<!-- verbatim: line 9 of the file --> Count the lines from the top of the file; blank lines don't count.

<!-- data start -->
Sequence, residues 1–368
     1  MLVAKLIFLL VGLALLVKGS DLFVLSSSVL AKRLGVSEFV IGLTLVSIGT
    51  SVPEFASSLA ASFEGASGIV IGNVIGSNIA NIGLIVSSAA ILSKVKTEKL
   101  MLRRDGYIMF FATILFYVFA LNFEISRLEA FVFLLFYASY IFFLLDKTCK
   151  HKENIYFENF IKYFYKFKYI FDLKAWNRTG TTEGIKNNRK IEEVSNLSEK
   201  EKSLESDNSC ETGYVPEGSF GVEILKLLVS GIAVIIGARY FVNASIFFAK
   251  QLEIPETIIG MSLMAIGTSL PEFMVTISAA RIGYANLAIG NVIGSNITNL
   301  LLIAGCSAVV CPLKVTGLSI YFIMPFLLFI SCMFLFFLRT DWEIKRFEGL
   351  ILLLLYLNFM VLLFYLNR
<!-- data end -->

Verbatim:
   351  ILLLLYLNFM VLLFYLNR